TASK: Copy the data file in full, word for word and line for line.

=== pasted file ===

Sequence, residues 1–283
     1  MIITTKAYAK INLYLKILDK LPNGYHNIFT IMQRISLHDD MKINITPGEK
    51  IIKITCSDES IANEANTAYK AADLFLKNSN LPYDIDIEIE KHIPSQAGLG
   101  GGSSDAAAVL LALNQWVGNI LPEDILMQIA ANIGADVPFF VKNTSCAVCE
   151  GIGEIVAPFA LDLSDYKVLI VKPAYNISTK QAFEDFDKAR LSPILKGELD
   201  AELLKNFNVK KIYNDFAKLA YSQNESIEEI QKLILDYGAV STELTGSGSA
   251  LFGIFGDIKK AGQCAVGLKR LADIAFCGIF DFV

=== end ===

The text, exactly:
Sequence, residues 1–283
     1  MIITTKAYAK INLYLKILDK LPNGYHNIFT IMQRISLHDD MKINITPGEK
    51  IIKITCSDES IANEANTAYK AADLFLKNSN LPYDIDIEIE KHIPSQAGLG
   101  GGSSDAAAVL LALNQWVGNI LPEDILMQIA ANIGADVPFF VKNTSCAVCE
   151  GIGEIVAPFA LDLSDYKVLI VKPAYNISTK QAFEDFDKAR LSPILKGELD
   201  AELLKNFNVK KIYNDFAKLA YSQNESIEEI QKLILDYGAV STELTGSGSA
   251  LFGIFGDIKK AGQCAVGLKR LADIAFCGIF DFV